Whether you are looking for a way to save money, be healthier, prepare for tough economical times, or simply have better tasting food, growing your own food in your backyard is a wonderful idea. There are just so many things that you could be growing on your own. You will save an incredible amount of money and you will also find that your food will taste a lot better. Since you are growing the food yourself you know that you are safe from pesticides and other harmful chemicals that are often used on larger commercial farms.
Another important thing to look into is that of raising your own chickens. There are wonderful benefits that come from raising your own chickens. You can have fresh eggs from the laying hens and meat when the time is appropriate. Your organic chickens will provide you will a lot of nutrition and protein. Since you will have so many chickens running around, it is important to make sure that you are giving them proper shelter in order to lay their eggs.
It is also important to make sure that you are feeding your chickens only the best and the healthiest food that you can find. After all, you will be eating their eggs and their meat so it is important to make sure that only things you would feel safe eating are given to the hens to eat. A great way to go about this is to dedicate a section of your garden to foods that will be for the chickens to eat. This will be your chicken garden.
The chicken garden will supply your chickens with all of the nutrients they need in order to produce high quality eggs and to be truly delicious and healthy to eat later on. In a matter of no time at all you will have yourself an array of food to pick from. If things ever get rough and you do not have much else to count on, you will at least know that you have eggs, meat, and vegetables from your garden to live off of. And the food from your chicken garden will be the food you use to help feed the chickens so you will not have to worry about spending an overload of money on feeding the chickens.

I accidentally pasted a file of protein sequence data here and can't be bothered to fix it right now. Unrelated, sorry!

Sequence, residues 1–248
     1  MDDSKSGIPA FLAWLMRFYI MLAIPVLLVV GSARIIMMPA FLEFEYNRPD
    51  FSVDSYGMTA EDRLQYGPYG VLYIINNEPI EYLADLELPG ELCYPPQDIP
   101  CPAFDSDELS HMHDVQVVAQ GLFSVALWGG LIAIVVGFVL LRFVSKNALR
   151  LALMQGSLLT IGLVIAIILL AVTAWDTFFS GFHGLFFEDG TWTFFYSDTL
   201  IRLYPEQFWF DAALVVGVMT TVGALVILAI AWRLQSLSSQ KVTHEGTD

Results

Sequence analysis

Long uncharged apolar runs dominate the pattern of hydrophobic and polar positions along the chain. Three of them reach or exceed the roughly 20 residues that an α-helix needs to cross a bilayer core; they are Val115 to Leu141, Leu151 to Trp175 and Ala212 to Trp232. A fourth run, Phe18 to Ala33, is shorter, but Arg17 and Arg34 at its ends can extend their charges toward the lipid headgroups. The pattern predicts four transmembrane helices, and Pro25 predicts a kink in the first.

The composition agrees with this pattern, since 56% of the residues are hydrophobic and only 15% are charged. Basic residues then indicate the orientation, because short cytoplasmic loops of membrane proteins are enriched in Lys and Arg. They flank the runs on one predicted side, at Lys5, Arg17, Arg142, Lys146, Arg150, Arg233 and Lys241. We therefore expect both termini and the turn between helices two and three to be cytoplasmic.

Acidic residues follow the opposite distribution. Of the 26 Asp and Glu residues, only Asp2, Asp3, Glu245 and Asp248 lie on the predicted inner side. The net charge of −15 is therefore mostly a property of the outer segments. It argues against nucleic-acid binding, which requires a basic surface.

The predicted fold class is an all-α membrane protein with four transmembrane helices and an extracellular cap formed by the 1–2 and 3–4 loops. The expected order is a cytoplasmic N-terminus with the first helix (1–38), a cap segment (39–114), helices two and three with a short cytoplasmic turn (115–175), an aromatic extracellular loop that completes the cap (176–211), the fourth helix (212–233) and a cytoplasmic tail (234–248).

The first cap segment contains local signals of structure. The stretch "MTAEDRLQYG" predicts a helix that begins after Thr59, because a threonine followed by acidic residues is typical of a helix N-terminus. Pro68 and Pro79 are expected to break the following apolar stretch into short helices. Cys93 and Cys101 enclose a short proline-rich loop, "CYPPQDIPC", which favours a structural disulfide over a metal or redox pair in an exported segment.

Make your garden as small or large as you would like. Just make sure that you are placing the garden a good bit away from your organic chickens or you may find them snacking on the plants that you would rather keep for your own food. You also want to make sure that you are planting your chicken garden where there is fresh soil and where there is room to expand. Even if you feel as though you will never want a larger garden, you really need to make sure that you are giving yourself the option should it ever come to that point.
Within no time at all you will be proud to say that you are truly self sufficient now. You will have everything you need in case of rough times and you are prepared for anything now.
Posted by Suzie OConnor @ 05:22 PM EDT